Facts About Ireland
The Republic of Ireland is located in the western part of Europe towards the west of Great Britain. Ireland is a parliamentary democracy with the President being the chief of the state and Prime Minister being the chief of the government. The capital of Ireland is Dublin. The city traces its history all the way back to 600 BC when Celts first came and started settling down on the island. The country’s population is estimated to be about 4,250,163 with a growth rate of 1.102%. The majority of the people (about 87%) of Ireland are Roman Catholics. It is also the country of picturesque landscapes and a coastline famous for its steep cliffs. Ireland used to be a part of the British Empire till it won its freedom on December 6, 1921 after a series of bloody conflicts that ended in Britain retreating from most of the island. The constitution of Ireland was adopted on July 1st, 1937 and became effective on 29th December that same year. Interesting & Fun Facts About Ireland
- Among those that came to Ireland first, the most noteworthy tribes were the Tuatha De Danann, the Fomorians, the Nemedians and the Firbolgs.
- King Henry II of England was the first to extend his rule to Ireland after he obtained allegedly, forged bull from the church that authorized him to take over Ireland in exchange for monetary payments made to the church on a yearly basis.
- By the 1300’s decedents of the Anglo-Normans were being considered native Irish and to spite them the Anglo-Irish Parliament passed the Statute of Kilkenny in 1366. According to the statute, anyone found to be an ally of the native Irish would be severely punished and excommunicated.
- The actual colonization of Ireland was begun by Queen Mary I who sized land owned by the Irish and started redistributing it to English colonists.
- The struggle against the Protestant tyranny in Ireland was influenced a lot by the American and French Revolutions. It eventually led to the passing of the ‘Act of Union’ in 1801 according to which the legislatives of Ireland and Great Britain were to be united.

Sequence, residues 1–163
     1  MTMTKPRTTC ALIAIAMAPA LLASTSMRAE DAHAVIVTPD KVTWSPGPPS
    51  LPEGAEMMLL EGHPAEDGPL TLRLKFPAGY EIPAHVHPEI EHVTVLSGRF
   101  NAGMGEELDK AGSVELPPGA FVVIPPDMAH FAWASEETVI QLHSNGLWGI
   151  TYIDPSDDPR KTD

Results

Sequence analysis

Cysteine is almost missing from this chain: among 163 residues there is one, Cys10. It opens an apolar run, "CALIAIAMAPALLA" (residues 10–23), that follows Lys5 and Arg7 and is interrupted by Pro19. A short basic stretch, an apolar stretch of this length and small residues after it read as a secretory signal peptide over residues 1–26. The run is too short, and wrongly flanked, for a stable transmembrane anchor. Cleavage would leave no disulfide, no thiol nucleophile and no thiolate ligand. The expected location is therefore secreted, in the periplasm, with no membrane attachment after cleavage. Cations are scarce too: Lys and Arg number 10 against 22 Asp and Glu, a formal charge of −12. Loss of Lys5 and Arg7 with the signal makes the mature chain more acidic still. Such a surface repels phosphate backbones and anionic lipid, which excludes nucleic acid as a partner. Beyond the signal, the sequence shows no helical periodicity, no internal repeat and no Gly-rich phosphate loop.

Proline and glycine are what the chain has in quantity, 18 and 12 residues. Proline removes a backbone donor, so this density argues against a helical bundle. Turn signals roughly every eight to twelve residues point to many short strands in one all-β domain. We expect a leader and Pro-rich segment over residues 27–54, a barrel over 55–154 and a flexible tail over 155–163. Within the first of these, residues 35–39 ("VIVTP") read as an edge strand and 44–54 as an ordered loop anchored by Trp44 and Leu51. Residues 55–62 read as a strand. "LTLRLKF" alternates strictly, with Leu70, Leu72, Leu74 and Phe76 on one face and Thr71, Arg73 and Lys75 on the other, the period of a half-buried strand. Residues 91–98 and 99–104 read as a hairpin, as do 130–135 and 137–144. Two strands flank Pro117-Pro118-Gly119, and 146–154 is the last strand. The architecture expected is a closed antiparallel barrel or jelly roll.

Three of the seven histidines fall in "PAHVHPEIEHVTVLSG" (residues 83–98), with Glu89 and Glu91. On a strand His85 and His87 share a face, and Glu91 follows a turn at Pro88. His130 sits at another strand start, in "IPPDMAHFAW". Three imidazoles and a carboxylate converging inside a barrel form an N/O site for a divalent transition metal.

- After the passing of the ‘Act of Union’, the Irish concerned themselves with obtaining freedom from Great Britain.
- The failure of the potato crops in 1845 led to what is known as the great famine which lasted for 5 years and is known to have seen about 250,000 Irishmen and women leave the country to settle elsewhere.
- Tracing Irish genealogy prior to 1922 is difficult because the records from the 14th century to 1922 were destroyed in a fire caused during the Irish civil war.
- The official languages of Ireland are Irish and English.
- The main national holiday in Ireland is St Patrick’s Day (17 March).
- Ireland has only three main social categories, the working class, the middle class, and the gentry. The social boundaries among these classes are known to be indistinct at times.
- The Irish society is pretty egalitarian and social interaction and strangers don’t need the prelude of a formal introduction to start conversations with one another. Sharing of one’s processions with others is also a commonplace among the Irish.
- Ireland is the third largest island in Europe and the twentieth largest island in the world.
- There are three World Heritage Sites on the island: the Brú na Boinne, Skellig Michael and the Giant's Causeway.
- The average annual temperature in Ireland is about 10 degrees Celsius.
- Because of the length of the days in the summers, you don’t have to switch on lights till after 10pm.
- The best time to visit Ireland is anytime but the winters, when temperatures can fall below freezing.
- The highest point in Ireland is Carrauntoohil which stands at a height of 1041 meters which is about 3414 feet.
- Ireland is the home of the famous Blarney Stone; kissing which is supposed to give a person the gift of eloquent speech.
- It is also the home of the myth regarding the existence of Leprechauns and their pots of gold.
- Ireland’s tallest waterfall, located in Enniskerry, County Wicklow, East Ireland, is 350 feet tall.
- The longest river in Ireland is the Shannon River which extends over a distance of 240 miles or 384 km.
- The cloudiest place in Ireland is supposed to be Eireann Omagh and is known to receive as little as only 3 hours of sunlight every day.
- The headland off Malin Head in Donegal is the northernmost point of Ireland.
- Out of all the counties in Ireland, that of Dublin is the most populated and County Leitrim is the least populated.
- The fastest growing city in Ireland is Galway and not Dublin, as many might believe.
- Ireland is also famous for the beer Guinness, the brewery for which is located at St.James' Gate in Dublin.
- The most popular purchases made by tourists in Ireland are blackthorn walking sticks, Guinness glasses, Waterford Crystal and Aran Isle sweaters.
- Ireland trades a lot in brewing, clothing, pharmaceuticals and textiles. A major amount of this trade is done with Great Britain, the United States of America and other members of the European Union.